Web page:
Jocelyn Pook’s Thousands of Leaves sung in Abney Park in special Remembrance Day ceremony
- Credit: Emma Bartholomew
Dozens of children, adults, and a fair few dogs gathered in Abney Park or a special Remembrance Day ceremony to mark the centenary of the end of the First World War.
Stoke Newington locals united to produce the line-up of folk, classical music and poetry at the war memorial in the Stoke Newington cemetery.
The Volunteers band started the service with two folk songs, Green Fields of France and When Will I Ever Be Simple Again? before several other folk songs from Romania, Macedonia and Serbia.
The crowd then observed two minutes silence which came to an end with Colin Emrich Fisher playing The Last Post.
One of the organisers and Hackney Song Works choir member Tania Rice, told the crowd: “I don’t know why any of you are here - you each have your personal reasons.
“Certainly for me it’s to remember what a chronic waste the war was. Radio 4 have been reading out letters from the time all week and one I remember in particular was from a man who was at the front when the armistice was declared.
“Whilst everyone at home went mad - dancing and singing and apparently trying to rip the clothes off soldiers - in the trenches they were suddenly at a complete loss what to do. There were no celebrations. That’s a moment which shows what a terrible, terrible waste the war was.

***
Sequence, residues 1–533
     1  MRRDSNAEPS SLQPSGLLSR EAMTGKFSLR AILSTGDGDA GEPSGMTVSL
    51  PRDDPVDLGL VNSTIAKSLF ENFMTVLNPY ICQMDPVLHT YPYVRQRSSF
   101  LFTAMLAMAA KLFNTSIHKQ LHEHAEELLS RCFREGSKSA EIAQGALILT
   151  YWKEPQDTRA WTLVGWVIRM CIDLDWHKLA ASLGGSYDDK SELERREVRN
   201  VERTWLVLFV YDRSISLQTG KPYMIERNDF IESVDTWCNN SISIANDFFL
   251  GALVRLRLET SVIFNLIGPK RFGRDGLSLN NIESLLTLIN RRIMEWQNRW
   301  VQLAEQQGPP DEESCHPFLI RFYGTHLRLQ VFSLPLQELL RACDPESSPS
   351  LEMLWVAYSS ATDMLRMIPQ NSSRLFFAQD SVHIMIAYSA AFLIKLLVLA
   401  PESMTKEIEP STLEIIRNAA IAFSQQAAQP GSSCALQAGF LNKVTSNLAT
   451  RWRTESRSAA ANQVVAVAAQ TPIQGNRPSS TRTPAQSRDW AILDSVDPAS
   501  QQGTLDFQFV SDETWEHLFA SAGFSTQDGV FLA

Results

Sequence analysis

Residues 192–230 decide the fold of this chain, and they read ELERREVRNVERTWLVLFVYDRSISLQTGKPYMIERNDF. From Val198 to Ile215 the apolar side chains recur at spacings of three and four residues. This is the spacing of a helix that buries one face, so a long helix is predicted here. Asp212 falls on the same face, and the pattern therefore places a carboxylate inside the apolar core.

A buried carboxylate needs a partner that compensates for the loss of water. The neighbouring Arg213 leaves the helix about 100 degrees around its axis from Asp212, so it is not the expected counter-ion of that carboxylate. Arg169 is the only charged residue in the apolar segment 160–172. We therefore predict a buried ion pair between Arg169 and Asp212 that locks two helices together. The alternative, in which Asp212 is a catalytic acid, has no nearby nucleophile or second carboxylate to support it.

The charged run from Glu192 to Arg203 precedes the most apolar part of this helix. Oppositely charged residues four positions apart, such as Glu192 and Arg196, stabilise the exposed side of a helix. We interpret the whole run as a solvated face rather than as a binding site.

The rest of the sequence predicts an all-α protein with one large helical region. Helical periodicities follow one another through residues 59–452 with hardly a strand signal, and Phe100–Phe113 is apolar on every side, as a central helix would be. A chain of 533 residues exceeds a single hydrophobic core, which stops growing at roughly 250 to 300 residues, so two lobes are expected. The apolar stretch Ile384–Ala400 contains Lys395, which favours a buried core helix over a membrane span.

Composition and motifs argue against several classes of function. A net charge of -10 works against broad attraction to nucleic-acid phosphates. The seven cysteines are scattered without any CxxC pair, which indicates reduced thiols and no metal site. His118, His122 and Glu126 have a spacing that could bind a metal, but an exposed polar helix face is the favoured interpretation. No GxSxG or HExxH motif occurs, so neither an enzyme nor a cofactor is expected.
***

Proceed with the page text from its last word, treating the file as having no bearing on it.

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“Certainly for us, we are here to honour the dead and to be very grateful for the peace that we have been able to enjoy.”
A choir then sung Thousands of Leaves, composed by BAFTA award-winning local resident Jocelyn Pook, who was in the audience.
The performers had sung the song on the Barbican stage two weeks ago in the production Memorial, which was part of the UK’s official arts programme for the First World War centenary.
To make up for the noise of a helicopter overhead the first time around, Thousands of Leaves was performed again at the end of the service.
“We loved that there was a gust of wind when we sung the song, and all the leaves started to flutter down,” Tania told the Gazette afterwards.
“More and more people started to sing along when we did the reprise which was moving.
“We had a very lovely time down the pub afterwards and one of the things said was that we would do it again. We did it from wanting to perform the music and we were quite moved that we filled a need, and that people wanted to gather and do that.”